Last week I wrote about what the PMI Educational Foundation does. One of the missions of PMIEF is to build project management skills in young people and teachers, better equipping students for the future. How exactly does it do that?
At PMI’s EMEA Leadership Institute Meeting in Dublin in 2011, two volunteers spoke about their involvement in their local schools.
The Polish Experience
Magorzata Kusyk, PMIEF Liaison for PMI’s Poland Chapter based at the Gdansk branch spoke about their ‘Project Management At Schools’ project. The Chapter has run three pilots, using the project management Toolkit for Youth.
First, they had to translate the Toolkit into Polish. Then they used it as the basis for a 12-hour project management course: six lessons, each of two hours. The course included mentoring, materials, templates and group exercises. A ‘real life’ project manager was invited along to at least one of the sessions, so the students could see how the skills they were learning translated to the world of work.
One of the pilots was run as part of a summer camp for girls from an orphanage. Eight girls took the course, aged from 14 to 19. Their project was to organize four hours of activities for the 40 younger girls participating in the summer camp.
The girls produced a work breakdown structure, a project charter, a schedule and a budget. Their stakeholder register included the teachers, other children and the camp organizers. They produced a communication plan which included a daily briefing to everyone at the camp about how the plans were going. The outcome was a quiz and some sports activities.
The point of doing all this was:
- To build awareness of project management in Poland, as this is currently low
- To encourage students to use project management techniques on a daily basis
- To encourage students to work effectively at school and outside school
- To gain publicity for the Chapter
- To help the volunteers learn how to teach project management.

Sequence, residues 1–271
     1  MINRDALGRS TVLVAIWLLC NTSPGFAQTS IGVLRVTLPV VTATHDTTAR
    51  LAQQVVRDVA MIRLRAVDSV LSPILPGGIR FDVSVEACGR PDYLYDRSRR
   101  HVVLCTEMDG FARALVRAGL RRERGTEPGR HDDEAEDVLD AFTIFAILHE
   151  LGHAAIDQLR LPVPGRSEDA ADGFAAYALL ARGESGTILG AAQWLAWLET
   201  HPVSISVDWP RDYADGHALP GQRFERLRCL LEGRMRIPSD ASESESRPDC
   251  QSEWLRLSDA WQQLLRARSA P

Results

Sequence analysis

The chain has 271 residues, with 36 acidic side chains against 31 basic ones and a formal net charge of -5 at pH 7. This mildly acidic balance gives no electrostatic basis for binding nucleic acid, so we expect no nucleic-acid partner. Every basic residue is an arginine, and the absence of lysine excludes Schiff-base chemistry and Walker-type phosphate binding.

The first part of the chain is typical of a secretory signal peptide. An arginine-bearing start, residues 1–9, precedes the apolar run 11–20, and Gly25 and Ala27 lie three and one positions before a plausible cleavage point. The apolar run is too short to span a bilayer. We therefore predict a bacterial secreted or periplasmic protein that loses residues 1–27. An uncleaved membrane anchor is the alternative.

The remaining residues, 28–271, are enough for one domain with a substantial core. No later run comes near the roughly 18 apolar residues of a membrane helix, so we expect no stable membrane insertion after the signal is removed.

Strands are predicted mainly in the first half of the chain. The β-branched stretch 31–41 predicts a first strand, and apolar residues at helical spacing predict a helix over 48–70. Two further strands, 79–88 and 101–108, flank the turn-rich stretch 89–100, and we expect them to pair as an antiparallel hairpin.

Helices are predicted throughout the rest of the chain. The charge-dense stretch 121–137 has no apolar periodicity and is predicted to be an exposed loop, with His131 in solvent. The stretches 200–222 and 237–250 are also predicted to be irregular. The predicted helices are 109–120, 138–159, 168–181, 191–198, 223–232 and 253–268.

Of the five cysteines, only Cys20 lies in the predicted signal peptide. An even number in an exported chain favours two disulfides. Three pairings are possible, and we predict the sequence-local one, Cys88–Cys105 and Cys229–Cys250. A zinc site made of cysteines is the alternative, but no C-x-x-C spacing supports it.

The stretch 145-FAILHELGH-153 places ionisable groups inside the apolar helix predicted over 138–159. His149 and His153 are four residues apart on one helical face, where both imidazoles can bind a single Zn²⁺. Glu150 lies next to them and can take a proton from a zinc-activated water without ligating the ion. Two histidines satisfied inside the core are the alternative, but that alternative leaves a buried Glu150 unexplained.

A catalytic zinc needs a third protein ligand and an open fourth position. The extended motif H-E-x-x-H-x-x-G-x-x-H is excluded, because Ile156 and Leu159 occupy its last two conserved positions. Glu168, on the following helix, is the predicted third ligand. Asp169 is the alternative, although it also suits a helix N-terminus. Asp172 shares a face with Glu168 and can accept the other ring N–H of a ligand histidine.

The pilot schemes were successful so the Gdansk branch is moving ahead with doing it again this year. The plan now is to train more teachers and run more workshops in schools, using a ‘train the trainer’ model, so that the materials can be used by a much wider group. There are also plans to develop a shorter course for 10-13 year olds.
Schools in Jordan
Dr Hazem Zeitoun, President of PMI Jordan Chapter, spoke about what his Chapter was doing to promote project management in schools.
Jordan’s population is 6 million, with 1000 PMPs and 200 paid-up PMI members. A third of Jordan’s income comes from people working outside the country and sending it back home, so there is not a lot of money spare for advanced educational facilities.
He told us about the Madrasati initiative, led by Queen Rania. This initiative aims to close the gap between the community and school, helping the government transform schools into community hubs. It aims to improve the overall learning experience in 500 public schools. In order to do this they need quality learning tools, and the project management skills to implement the initiative locally.
Jordan Chapter has decided to partner with an existing initiative because Madrasati has links with the education sector already, plus experience in dealing with the bureaucracy. PMI, and project management, is not widely known in Jordan, so partnering with Madrasati will help build credibility and also open some doors to individual schools to pilot the project management learning sessions.
The Chapter is still a way off from fully participating – there are lots of administrative hurdles to jump through. They have made a presentation to the Ministry of Education and are currently awaiting the outcome. Ministry support is essential in order to be able to access teachers and use the same ‘train the trainer’ model that Poland is using.
Both the Jordan and Poland initiatives are run by volunteers who truly believe that project management skills can help their communities be more effective. Good luck to them both!
Image credit: YGLvoices on Flickr